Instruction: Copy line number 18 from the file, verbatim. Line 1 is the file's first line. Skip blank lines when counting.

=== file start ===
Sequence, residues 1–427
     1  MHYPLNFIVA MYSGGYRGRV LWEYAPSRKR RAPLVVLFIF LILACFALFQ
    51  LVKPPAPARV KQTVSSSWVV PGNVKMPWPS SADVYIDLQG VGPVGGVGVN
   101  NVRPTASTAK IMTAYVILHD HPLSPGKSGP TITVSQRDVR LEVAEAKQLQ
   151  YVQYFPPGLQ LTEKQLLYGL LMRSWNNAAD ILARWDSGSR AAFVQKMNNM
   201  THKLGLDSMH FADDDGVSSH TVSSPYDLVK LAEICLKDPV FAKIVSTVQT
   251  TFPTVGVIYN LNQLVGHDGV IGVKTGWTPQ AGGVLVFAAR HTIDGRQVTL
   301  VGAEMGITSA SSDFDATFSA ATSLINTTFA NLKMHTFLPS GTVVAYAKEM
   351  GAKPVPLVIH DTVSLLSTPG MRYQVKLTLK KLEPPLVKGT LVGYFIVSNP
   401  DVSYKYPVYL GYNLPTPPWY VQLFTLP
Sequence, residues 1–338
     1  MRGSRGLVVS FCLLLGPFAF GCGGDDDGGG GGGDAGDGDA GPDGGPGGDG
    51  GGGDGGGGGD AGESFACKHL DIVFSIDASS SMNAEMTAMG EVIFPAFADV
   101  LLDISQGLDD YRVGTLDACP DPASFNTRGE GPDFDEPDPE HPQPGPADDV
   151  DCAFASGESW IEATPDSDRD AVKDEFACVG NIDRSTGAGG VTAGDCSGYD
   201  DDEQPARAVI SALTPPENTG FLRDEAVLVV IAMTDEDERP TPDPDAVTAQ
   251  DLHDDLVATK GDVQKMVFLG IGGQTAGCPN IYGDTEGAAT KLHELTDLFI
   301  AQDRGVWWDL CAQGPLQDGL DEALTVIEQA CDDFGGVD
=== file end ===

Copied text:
   301  AQDRGVWWDL CAQGPLQDGL DEALTVIEQA CDDFGGVD